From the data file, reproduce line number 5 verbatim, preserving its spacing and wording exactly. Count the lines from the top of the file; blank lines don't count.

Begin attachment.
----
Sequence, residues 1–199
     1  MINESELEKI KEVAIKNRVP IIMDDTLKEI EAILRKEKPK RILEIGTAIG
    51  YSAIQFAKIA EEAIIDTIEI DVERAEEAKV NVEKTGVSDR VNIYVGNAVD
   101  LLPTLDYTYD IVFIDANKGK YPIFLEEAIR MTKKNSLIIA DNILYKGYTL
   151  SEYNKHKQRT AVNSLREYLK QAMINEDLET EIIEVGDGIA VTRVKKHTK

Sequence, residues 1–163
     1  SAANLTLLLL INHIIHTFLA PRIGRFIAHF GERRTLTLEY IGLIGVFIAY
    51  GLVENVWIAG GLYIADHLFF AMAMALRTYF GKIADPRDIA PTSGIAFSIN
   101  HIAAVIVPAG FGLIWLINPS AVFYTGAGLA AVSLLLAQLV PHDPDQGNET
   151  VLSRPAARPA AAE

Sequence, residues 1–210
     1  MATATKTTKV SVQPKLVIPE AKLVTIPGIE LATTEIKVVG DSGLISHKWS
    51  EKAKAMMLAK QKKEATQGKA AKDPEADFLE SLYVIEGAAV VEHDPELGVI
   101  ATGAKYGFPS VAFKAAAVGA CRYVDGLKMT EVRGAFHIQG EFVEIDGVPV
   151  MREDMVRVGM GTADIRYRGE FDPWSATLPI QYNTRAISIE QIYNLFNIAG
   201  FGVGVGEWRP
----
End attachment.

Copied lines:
   151  SEYNKHKQRT AVNSLREYLK QAMINEDLET EIIEVGDGIA VTRVKKHTK